The variableQ and variablee-Stat in Eq. (5) were prepared based on data from the questionnaire survey of this study and e-Stat[44]. Both variableQ and variablee-Stat were included as control variables because they represent respondents’ internal factors (e.g., Age_mean) and external factors (e.g., Education)[49].

Estimation procedure

This study used confirmatory factor analysis (CFA) to prepare the latent variables PRE_1 and PRE_2. This is because the first five factors (Pre2_1–Pre2_5) and the last factor (Pre2_6) focused on slightly different aspects of daily life activities of citizens. While Pre2_6 asked about cooperation in their places of residence, the other items asked about their activities at home. Based on the CFA results, Pre_1-1–Pre 1-4 were included in PRE_1. Pre2_6, in addition to Pre2_1–Pre2_5, was included in PRE_2. The CFA was conducted using the R environment[50] and its packages “psych” and “GPArotation”.

The R packages “lavaan”[51], “tidyverse”, and “semPlot” were used for SEM analyses. SEM enables us to test cause-and-effect interactions among latent variables[24]. It was conducted through the following steps. First, the estimation performances of the four latent variables in the measurement models and the related hypotheses (H5 and H6) were assessed. Subsequently, the four latent variables and other observed variables were used to develop a structural model. Similar variables, such as the “age” of a respondent from the questionnaire survey and the “average age” of the respondent’s living city from e-Stat[44], were available for some explanatory variables in the structural model. In such cases, the more suitable ones were selected based on the estimation results when constructing the structural model.

Several fit indices were used to check the goodness-of-fit of the models. As a rule of thumb, > 0.8 is usually recommended as the threshold for the comparative fit index (CFI), goodness-of-fit index (GFI), adjusted GFI (AGFI), and incremental fit index (IFI), and values of the root mean squared error of approximation (RMSEA) are judged as close fit for < 0.05, fair fit for 0.05-0.08, and moderate fit for 0.08-0.1[52,53].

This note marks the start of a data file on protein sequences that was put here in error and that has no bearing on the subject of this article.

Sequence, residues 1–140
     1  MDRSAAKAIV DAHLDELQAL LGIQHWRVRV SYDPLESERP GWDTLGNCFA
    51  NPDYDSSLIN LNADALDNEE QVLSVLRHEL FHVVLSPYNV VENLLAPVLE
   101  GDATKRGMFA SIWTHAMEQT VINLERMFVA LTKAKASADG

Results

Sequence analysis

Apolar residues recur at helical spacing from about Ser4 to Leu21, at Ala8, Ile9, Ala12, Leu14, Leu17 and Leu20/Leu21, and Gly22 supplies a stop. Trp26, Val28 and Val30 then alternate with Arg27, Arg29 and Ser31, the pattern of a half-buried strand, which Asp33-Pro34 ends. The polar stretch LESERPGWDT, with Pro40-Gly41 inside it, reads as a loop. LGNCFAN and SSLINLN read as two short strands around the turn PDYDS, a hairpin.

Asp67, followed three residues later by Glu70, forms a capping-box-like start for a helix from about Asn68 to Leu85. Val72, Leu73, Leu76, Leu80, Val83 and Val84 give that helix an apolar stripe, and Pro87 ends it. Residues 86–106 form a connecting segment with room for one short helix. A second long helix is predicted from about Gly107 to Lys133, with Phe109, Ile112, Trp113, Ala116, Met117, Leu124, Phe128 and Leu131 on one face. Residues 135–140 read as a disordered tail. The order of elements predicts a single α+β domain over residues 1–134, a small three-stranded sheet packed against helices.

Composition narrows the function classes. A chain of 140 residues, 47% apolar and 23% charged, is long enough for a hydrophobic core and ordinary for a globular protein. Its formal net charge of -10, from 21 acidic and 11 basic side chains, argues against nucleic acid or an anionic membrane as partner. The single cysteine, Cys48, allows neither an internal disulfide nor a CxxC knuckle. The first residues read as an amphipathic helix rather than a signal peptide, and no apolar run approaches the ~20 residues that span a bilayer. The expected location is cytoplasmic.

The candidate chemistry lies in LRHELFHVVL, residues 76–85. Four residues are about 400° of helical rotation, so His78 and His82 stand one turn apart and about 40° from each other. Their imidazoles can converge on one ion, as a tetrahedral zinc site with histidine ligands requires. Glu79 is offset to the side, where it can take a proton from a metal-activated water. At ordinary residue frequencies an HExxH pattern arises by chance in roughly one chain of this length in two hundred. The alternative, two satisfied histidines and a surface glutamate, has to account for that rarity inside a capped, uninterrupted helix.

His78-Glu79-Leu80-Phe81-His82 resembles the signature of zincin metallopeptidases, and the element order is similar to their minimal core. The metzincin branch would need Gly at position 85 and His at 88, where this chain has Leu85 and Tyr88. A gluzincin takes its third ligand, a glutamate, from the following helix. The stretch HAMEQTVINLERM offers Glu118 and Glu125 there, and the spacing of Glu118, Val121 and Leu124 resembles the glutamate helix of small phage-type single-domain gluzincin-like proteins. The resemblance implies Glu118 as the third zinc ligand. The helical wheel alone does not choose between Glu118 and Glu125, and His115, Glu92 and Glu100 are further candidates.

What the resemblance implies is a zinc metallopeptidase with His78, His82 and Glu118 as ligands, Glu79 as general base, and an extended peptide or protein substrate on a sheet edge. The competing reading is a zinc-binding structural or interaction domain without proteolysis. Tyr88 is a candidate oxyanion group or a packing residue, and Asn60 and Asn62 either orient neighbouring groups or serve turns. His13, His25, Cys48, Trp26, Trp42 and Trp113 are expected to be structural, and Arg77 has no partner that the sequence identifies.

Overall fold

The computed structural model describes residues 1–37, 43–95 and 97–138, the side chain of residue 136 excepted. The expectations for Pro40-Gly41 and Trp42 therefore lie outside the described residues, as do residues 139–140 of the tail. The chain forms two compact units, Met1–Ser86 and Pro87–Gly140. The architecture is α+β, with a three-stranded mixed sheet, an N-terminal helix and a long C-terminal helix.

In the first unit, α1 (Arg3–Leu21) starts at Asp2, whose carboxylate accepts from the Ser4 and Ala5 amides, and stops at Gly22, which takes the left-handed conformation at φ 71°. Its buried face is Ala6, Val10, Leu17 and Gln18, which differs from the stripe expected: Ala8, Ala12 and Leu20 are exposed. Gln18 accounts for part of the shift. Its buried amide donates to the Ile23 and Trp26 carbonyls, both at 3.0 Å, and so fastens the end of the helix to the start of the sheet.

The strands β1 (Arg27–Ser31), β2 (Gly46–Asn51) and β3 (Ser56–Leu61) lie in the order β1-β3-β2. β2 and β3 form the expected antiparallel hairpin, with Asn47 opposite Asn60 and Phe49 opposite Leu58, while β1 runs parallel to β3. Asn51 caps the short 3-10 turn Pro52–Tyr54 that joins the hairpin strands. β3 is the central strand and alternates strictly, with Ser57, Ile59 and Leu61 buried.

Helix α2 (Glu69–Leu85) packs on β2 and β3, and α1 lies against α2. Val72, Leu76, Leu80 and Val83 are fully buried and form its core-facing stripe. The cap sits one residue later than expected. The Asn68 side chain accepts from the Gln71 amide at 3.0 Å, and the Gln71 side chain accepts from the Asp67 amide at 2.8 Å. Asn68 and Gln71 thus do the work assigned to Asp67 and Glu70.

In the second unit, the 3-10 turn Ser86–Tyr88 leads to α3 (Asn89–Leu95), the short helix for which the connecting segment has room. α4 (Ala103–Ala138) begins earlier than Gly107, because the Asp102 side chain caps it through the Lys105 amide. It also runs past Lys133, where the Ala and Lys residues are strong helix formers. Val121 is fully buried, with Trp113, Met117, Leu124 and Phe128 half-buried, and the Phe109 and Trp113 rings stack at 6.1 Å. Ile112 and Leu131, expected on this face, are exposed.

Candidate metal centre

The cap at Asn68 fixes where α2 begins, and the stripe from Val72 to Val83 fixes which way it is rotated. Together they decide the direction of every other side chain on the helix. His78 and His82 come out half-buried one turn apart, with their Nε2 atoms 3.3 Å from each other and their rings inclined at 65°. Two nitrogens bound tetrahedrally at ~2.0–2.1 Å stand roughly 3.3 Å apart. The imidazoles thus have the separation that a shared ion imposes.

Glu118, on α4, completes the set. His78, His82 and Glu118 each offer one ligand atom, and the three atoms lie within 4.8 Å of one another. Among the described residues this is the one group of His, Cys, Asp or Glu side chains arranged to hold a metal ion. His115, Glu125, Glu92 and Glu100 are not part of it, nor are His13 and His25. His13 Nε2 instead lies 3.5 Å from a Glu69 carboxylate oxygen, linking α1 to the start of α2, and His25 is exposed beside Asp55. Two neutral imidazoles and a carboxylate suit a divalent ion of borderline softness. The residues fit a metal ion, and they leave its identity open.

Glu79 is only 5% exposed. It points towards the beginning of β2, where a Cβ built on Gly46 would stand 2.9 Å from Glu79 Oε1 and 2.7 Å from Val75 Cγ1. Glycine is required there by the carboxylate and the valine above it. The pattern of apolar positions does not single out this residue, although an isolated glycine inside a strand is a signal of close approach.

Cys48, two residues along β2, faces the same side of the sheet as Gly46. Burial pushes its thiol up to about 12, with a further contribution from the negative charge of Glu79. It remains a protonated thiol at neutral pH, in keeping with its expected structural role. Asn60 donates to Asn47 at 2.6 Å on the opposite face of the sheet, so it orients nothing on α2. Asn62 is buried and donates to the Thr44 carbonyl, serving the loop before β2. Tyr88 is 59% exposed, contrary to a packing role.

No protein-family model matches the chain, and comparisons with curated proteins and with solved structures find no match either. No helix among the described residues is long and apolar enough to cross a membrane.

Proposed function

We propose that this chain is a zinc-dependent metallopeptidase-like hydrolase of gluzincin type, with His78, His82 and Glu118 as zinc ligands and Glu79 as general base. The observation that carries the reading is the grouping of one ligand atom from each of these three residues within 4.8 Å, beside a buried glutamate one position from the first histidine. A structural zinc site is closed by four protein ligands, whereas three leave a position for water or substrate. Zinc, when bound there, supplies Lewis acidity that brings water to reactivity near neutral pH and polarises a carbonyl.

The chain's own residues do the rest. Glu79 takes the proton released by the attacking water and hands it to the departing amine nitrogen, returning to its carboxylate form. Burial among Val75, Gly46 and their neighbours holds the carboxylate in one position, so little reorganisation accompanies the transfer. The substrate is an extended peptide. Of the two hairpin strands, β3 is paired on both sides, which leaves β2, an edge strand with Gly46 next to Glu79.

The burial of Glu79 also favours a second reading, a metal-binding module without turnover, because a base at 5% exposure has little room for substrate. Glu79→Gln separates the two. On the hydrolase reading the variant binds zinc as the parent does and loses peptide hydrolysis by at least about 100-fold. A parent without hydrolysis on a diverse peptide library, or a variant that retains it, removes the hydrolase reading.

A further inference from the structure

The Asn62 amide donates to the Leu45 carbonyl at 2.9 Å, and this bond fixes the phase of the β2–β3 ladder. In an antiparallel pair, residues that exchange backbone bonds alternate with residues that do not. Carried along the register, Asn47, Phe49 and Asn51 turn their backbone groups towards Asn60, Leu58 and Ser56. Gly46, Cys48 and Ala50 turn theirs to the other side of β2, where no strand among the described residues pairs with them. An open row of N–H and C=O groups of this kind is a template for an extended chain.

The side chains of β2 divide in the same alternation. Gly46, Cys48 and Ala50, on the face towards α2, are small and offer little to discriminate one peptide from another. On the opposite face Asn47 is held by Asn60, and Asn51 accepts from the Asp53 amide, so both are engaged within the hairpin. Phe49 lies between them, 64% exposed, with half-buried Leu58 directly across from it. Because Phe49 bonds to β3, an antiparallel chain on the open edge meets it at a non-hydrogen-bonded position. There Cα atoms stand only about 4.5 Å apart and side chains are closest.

RESULTS

Respondent characteristics

There were no invalid answers because the professional web research company restricted respondents from submitting answer forms without answering all the questions. However, 17 participants were excluded from the analyses because they provided postal codes that did not exist, making it impossible to assign e-Stat[44] data to their answers. Thus, the sample size was 1,183 (i.e., 1200-17). The demographic characteristics of the respondents are presented in Table 4.

Table 4

Respondent demographics (n = 1,183)

Categoriesn%
GenderMan
Woman
611
572
51.6
48.4
Marital statusSingle
Married
460
723
38.9
61.1
Age (years)18-20
21-30
31-40
41-50
51-60
61-70
71-80
81-
32
232
195
202
202
180
131
9
2.7
19.6
16.5
17.1
17.1
15.2
11.1
0.8
Annual income [Japanese yen (JPY)]1.99 million JPY or lower
2-3.99 million JPY
4-5.99 million JPY
6-7.99 million JPY
8-9.99 million JPY
10-11.99 million JPY
12-13.99 million JPY
14 million JPY or higher
212
293
240
164
126
61
29
58
17.9
24.8
20.3
13.9
10.7
5.2
2.5
4.9
Educational statusJunior high school or less
High school
Vocational school/specialized training college
College of technology
Junior college
University
Graduate school
43
346
135
25
91
480
63
3.6
29.2
11.4
2.1
7.7
40.6
5.3

Model estimation results

In the estimation of measurement models, it was necessary to fix the value of one of the variables at one; Table 5 shows the results when “Living_area” in GREEN and GRAY, “Pre1_1” in PRE_1, and “Pre2_1” in PRE_2 were fixed in accordance. Among the variables in the measurement models, Risk_1 was statistically significant at the 10% level for GREEN but not for GRAY. Other observed variables of GREEN and GRAY and all variables of PRE_1 and PRE_2 were statistically significant at the 1% level. Figure 1 provides a graphical description of the SEM results.

Are there possible issues that we overlook when selecting green infrastructure?